private String originator_missing; private String msisdn_problem; private String callresult_missing; private String callresult_problem; private String unkown_command; private String country_missing; //and your geter and seter public String getCMD_IS_NULL() { return CMD_IS_NULL; } public void setCMD_IS_NULL(String cmd_is_null) { CMD_IS_NULL = cmd_is_null; } public String getCMD_IS_OK() { return CMD_IS_OK; } public void setCMD_IS_OK(String cmd_is_ok) { CMD_IS_OK = cmd_is_ok; } public String getGetModels_problem() { return getModels_problem; } public void setGetModels_problem(String getModels_problem) { this.getModels_problem = getModels_problem; } Spring properties-bean public String getMsisdn_missing() { return msisdn_missing;

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Properties in Java and Spring

} public void setMsisdn_missing(String msisdn_missing) { this.msisdn_missing = msisdn_missing; } public String getVenders_missing() { return venders_missing; } public void setVenders_missing(String venders_missing) { this.venders_missing = venders_missing; } public String getModel_missing() { return model_missing; } public void setModel_missing(String model_missing) { this.model_missing = model_missing; } public String getStartpage_problem() { return startpage_problem; } public void setStartpage_problem(String startpage_problem) { this.startpage_problem = startpage_problem; } public String getSettingname_missing() { return settingname_missing; } public void setSettingname_missing(String settingname_missing) { this.settingname_missing = settingname_missing; } public String getOriginator_missing() { return originator_missing; } public void setOriginator_missing(String originator_missing) {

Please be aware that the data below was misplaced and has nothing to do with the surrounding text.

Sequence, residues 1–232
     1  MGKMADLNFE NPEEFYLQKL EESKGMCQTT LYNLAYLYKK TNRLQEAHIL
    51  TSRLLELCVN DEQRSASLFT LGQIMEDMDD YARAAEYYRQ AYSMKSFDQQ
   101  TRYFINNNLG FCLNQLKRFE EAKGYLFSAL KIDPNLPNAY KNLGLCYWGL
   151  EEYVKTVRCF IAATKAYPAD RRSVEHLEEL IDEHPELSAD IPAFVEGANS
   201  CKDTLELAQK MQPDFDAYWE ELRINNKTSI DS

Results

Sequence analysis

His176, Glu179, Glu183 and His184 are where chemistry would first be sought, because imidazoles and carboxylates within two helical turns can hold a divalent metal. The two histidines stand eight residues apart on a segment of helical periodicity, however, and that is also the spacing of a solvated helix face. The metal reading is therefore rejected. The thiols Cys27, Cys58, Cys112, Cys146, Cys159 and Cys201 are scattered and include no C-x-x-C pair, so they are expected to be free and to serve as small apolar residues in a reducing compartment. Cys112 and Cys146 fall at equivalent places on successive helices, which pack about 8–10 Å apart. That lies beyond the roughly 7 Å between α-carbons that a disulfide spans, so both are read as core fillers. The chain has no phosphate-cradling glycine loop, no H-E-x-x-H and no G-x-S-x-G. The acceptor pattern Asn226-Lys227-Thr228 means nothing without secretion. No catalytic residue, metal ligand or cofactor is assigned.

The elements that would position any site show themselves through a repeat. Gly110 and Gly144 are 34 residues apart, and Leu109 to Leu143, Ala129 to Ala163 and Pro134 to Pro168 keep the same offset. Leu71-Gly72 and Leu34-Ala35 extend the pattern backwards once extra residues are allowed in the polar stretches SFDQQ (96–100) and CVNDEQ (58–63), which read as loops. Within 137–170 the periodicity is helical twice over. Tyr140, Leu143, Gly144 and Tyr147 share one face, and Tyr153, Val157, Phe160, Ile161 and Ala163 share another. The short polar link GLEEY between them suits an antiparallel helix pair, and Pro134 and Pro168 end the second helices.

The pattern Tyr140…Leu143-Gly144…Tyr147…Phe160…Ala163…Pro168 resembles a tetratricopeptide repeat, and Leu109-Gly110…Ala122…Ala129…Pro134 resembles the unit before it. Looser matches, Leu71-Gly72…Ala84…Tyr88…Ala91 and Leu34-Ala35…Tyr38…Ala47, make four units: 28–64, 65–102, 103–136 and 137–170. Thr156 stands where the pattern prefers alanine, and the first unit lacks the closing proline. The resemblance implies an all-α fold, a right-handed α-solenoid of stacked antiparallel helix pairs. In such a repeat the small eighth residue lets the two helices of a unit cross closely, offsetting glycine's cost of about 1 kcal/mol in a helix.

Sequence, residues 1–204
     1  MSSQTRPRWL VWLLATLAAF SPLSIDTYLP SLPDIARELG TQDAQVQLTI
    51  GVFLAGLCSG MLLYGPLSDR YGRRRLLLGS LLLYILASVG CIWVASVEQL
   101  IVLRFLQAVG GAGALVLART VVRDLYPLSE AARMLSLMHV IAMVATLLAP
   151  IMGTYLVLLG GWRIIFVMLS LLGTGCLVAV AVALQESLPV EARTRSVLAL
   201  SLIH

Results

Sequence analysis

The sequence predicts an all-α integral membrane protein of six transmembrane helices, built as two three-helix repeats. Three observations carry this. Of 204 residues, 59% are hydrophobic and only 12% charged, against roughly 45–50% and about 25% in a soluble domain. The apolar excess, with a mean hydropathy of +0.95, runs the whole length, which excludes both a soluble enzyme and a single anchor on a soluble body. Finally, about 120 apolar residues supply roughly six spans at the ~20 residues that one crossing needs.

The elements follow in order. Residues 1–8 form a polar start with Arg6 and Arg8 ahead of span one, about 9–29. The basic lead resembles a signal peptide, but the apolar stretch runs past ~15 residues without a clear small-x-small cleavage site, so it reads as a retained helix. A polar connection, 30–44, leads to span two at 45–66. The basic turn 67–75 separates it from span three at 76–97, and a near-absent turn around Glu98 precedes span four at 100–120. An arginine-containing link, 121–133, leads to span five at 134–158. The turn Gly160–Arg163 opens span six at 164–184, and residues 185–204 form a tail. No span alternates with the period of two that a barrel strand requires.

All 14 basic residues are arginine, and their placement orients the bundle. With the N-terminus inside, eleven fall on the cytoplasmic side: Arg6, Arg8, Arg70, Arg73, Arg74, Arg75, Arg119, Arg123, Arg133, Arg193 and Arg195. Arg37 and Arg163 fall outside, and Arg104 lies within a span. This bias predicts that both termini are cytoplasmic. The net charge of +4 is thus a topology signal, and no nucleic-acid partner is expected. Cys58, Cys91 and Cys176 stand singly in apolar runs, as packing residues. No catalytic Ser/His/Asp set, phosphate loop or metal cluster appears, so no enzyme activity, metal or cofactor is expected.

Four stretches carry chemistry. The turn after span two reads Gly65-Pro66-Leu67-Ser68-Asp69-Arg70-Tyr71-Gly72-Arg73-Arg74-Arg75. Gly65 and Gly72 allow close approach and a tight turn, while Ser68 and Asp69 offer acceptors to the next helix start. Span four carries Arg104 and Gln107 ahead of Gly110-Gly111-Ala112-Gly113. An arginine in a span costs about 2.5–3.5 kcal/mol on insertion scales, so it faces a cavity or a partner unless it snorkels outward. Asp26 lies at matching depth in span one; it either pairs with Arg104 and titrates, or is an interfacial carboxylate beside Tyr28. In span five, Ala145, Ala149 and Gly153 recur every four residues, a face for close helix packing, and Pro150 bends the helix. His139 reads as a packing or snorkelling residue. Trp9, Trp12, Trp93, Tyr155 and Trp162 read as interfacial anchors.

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Properties in Java and Spring

this.originator_missing = originator_missing; } public String getMsisdn_problem() { return msisdn_problem; } Spring properties-bean public void setMsisdn_problem(String msisdn_problem) { this.msisdn_problem = msisdn_problem; } public String getCallresult_missing() { return callresult_missing; } public void setCallresult_missing(String callresult_missing) { this.callresult_missing = callresult_missing; } public String getCallresult_problem() { return callresult_problem; } public void setCallresult_problem(String callresult_problem) { this.callresult_problem = callresult_problem; } public String getUnkown_command() { return unkown_command; } public void setUnkown_command(String unkown_command) { unkown_command = unkown_command; } public void setCountry_missing(String country_missing) { this.country_missing = country_missing; } public String getCountry_missing() { return country_missing;